It’s truly saddening how obsessed our society is with the diet culture, weight loss, and thinness!
You can barely have a meal without remarks like- “I’m gonna have to run this off later”, “shame on me”, and “there’s no telling how many calories are in this!” Our culture how an unhealthy obsession. It is almost as if we are encouraging eating disorders.
This holiday season it is important that we are actually practicing what we preach and not forget what these holidays actually mean!
Small remarks as those stated above can be extremely triggering to those with eating disorders.
“Oh my gosh! The calories there.” Think about how this would effect someone with an eating disorder! A family member said this today with no idea how this would effect me- someone with an eating disorder. Our minds are constantly processing, “How many calories did I just eat? What’s my next meal? I’m definitely gonna gain weight after eating that!” Having a culture that is diet, weight, and thinness obsessed magnifies all these thoughts constantly going through a persons head who has an eating disorder.
People struggling with that voice in their head telling them that they are worth how much they eat and their weight and so many other lies are truly trying to enjoy this season of joy and celebration while the culture subconsciously makes it all about food and our bodies.
One of my older brothers is a body builder. Countless times someone has walked by and said things such as “I’m gonna have to run this ice cream off” or “no telling how many calories are in this, etc.” Sometimes it goes as far as, “well, he’s eating that… so it must be okay/ healthy.” Society says, “it’s okay to eat whatever he’s eating,” or “he’s eating that so it must be good.”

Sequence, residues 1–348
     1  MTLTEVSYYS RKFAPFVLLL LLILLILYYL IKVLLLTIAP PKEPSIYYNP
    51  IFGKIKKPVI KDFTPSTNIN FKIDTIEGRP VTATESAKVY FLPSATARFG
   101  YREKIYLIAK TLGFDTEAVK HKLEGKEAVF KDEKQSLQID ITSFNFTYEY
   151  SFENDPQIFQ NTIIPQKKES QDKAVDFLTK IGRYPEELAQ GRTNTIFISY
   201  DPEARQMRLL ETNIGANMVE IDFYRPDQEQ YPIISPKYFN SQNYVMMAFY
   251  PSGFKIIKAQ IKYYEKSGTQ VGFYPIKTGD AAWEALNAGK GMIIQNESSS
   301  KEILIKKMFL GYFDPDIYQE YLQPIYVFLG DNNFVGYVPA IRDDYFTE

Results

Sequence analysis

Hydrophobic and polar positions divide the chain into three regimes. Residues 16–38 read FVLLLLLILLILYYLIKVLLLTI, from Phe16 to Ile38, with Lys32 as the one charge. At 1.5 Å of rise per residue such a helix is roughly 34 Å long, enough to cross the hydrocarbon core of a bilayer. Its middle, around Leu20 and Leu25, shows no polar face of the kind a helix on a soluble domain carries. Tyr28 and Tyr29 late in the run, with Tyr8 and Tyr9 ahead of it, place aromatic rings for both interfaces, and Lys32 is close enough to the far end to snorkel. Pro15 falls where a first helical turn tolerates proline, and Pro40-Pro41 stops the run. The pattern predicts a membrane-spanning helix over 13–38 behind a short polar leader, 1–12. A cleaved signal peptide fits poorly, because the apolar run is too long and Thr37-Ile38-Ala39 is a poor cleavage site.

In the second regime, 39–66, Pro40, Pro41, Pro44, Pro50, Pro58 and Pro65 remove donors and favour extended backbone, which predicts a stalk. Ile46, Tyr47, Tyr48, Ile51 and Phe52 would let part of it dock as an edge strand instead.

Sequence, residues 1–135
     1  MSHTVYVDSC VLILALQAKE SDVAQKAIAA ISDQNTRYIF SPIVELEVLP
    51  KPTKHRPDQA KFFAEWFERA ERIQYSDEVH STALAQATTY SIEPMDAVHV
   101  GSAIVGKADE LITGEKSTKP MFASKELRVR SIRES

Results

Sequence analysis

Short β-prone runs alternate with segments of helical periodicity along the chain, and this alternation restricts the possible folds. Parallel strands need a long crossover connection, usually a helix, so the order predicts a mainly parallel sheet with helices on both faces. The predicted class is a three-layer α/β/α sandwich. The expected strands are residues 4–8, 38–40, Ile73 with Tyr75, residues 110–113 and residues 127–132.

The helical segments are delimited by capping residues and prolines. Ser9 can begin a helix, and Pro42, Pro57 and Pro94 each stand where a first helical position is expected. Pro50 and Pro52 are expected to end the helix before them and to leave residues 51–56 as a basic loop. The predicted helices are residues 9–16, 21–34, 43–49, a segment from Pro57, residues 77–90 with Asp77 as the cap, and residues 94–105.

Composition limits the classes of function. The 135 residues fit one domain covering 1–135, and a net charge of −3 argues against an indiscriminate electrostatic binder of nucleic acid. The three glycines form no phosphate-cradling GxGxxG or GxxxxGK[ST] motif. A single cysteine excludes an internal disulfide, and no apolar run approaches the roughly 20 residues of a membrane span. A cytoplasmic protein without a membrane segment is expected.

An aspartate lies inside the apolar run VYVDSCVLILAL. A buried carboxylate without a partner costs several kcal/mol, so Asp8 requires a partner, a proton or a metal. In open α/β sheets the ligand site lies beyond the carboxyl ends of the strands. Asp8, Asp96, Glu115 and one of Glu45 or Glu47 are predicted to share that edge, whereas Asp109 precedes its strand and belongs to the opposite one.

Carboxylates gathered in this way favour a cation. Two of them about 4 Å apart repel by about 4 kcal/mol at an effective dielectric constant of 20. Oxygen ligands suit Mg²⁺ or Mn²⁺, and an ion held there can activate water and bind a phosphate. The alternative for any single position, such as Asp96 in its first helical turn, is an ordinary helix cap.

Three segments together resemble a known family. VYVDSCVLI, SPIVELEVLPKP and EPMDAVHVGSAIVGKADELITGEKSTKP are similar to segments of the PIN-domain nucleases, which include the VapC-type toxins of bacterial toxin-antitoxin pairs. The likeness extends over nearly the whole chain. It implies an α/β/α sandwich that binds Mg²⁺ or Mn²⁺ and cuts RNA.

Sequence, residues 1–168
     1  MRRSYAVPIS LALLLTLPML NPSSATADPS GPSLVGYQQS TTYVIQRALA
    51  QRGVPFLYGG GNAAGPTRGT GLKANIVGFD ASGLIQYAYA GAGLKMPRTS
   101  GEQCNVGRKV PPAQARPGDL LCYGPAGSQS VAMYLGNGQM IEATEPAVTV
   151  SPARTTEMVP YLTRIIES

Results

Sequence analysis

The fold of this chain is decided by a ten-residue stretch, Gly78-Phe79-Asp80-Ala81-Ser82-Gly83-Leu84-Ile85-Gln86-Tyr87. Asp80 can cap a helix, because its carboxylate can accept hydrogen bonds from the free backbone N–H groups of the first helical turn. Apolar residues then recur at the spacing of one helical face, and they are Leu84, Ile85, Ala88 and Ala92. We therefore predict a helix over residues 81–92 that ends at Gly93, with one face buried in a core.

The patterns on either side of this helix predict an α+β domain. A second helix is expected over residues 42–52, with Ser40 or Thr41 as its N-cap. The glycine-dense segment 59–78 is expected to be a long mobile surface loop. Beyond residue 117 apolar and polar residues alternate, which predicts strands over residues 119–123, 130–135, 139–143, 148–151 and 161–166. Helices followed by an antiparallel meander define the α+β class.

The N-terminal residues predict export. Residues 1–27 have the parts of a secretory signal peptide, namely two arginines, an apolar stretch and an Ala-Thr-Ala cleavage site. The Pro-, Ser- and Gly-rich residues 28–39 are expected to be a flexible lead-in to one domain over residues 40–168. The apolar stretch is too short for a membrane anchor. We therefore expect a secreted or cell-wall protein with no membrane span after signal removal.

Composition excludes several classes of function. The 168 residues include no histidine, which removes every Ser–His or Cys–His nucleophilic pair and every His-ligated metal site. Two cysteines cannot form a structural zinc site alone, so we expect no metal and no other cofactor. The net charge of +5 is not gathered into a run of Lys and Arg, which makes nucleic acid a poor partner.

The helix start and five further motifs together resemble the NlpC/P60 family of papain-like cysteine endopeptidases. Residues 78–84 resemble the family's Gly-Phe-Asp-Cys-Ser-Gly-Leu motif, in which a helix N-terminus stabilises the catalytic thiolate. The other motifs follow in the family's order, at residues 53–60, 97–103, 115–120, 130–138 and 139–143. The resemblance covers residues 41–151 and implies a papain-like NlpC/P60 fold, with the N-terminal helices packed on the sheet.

The truth is no food is good or bad. The sole purpose of food is to nourish our bodies. All food is “okay” in moderation.
Food was not meant to be used as a defining factor of a person. Famous people like singers/songwriters, athletes, and tv stars all eat desserts and no one ever said they were good or bad for eating ‘x’ so why would that be true for us?! Shame is the root in that. Shame is, “I am bad.” Shame is so prominate in the food/diet culture. We are shamed for eating this and that; we are told we should feel guilty for eating certain foods or a large amount of food.
This needs to change. Food is nourishment for our bodies. Food is neither good nor bad. No one person is good or bad for eating ‘x’ or a certain amount of food. We are not defined by the number in the scale.
Please be aware of what you say this holiday season and do your best not to make remarks about calories, “good or bad” foods or things such as “I’m gonna have to run this off later!”
It truly effects how others think about themselves.
So, this holiday season, let’s be aware of what we say and love each other with our words and actions.